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Arrangements for rental to student daughter with lodger

housesHere is a question to the blog clinic from Miles who is a landlord:

How to handle a second property occupied by a Student Daughter (over 21) with a Lodger sharing.

Our Daughter who will be at University until 2015, currently lives in a leasehold property we purchased and is about to take in a Lodger to help with the costs.

Our daughter currently occupies the property on an informal basis at no cost other than Bills. However to take on a lodger we wonder if her status needs to be formalised with a tenancy agreement in order that she has the formal legal right to take in a lodger.

There is also a financial issue here, because we have financial commitments for loans and service charges which we wish the rental from the lodger to offset. At this point our Daughter would have to start paying rent to return this to us.

We prefer the lodger approach because with our Daughter in residence it affords her more flexibility and seems appropriate to the situation.

Can you advise the best course of action for handling the arrangements with our daughter please.

When you let family members stay in a property the law does not always assume that a tenancy will be created (as it would with a stranger) particularly as here where your daughter is not paying rent.  It is often assumed in family situations that there is ‘no intention to create legal relations’.

If you want to make it clear that this is not the case, then a tenancy agreement is a good idea.  It can also have a psychological effect – signing a document will make the arrangement feel more formal.

So in the case of your daughter, at the moment she almost certainly does not have a tenancy, and her occupation will be an informal family arrangement. So if you want to change this, once she has a lodger , I think a tenancy agreement would be a good idea.

Note thought that if this is not done, it does not mean that she is acting in any way illegally if she takes in a lodger with your consent.  However as you suggest, it is better at this stage to adopt a more formal approach.

The standard forms generally prohibit lodgers so you wil need to give her specific approval to take in one lodger. Some tenancy agreement forms (such as mine) allow you to add extra clauses.  Otherwise permission can be granted by giving her a letter which can be kept with the tenancy agreement.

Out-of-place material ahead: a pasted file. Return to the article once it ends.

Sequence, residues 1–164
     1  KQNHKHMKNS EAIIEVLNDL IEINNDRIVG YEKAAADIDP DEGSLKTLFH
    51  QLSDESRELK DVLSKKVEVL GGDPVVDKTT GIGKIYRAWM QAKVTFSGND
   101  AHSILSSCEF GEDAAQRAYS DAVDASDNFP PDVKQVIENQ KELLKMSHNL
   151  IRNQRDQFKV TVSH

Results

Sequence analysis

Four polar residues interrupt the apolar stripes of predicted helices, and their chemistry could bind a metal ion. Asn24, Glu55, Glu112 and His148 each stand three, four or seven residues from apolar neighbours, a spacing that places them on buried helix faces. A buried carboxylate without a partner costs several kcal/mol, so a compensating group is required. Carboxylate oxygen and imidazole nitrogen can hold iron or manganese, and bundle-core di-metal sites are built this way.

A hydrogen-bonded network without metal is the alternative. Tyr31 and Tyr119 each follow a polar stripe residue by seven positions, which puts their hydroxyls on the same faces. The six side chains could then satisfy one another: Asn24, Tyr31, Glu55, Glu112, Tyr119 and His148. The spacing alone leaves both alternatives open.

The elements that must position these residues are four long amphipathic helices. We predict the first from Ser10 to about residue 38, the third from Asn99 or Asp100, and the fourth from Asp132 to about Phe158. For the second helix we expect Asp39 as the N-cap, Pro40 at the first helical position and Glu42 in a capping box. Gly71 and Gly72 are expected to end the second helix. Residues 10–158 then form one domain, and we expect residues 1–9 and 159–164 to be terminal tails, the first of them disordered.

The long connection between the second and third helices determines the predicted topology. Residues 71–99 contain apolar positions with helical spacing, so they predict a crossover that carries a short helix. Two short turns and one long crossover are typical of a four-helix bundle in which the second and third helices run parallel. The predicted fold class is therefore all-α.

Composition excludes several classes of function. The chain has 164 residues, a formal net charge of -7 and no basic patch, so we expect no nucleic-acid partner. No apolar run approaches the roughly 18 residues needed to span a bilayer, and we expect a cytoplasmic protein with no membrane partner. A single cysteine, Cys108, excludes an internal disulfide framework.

Your daughter will need to give a lodger agreement to her lodger – note the the lodger’s landlord will be your daughter and not you.  You can find out more about logers on my Lodger Landlord site.

Finally, note that your daughter should try to have only students as lodgers as otherwise she may lose her student exemption for Council tax.



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One Response to Arrangements for rental to student daughter with lodger

  1. This is a plan we also have in mind for the future.

    I haven’t thought through the ins and outs but one approach could be to set up a formal tenancy agreement with your daughter, allowing a lodger. Your daughter takes in the rent from the lodger (benfitting from the tax free Rent a Room allowance up to a certain amount)but then is obliged to pay you a market rent for renting the property – technically then she is passing on the rent from the lodger to you along with her rent allowing you to cover service charges etc.

    You are then formally renting this property so would need to complete tax returns etc, if you are not already doing so, and would be taxed on this income, but could then offset your mortgage loan payments, service charges, advertising costs etc.

    I will be interested to see other comments on this as we may have neglected to cover a point. I would like to add that if your daughter has council tax exemption she will not lose this if a working person joins her as a lodger, but the lodger will be liable to pay council tax on their own. This may put off some lodgers as they may enquire if your daughter is a student, as it means they end up paying more council tax then if the CT was just split between the 2 of tenants. This is my understanding of how it all seems to work from experiences with my own tenants.

    Hope this helps – what you are doing is a good idea.




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About the post author:

Tessa Shepperson

Tessa is a lawyer specialising in residential landlord and tenant law. She runs the Landlord Law website (now in its 12th year) and is a director of Easy Law Training Ltd and Your Law Store. Tessa also sits on the Property Redress Scheme Council. When not working she enjoys reading, cooking and messing around on the computer. You can also find her on Google



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Tessa is an English lawyer specialising in residential landlord and tenant law.


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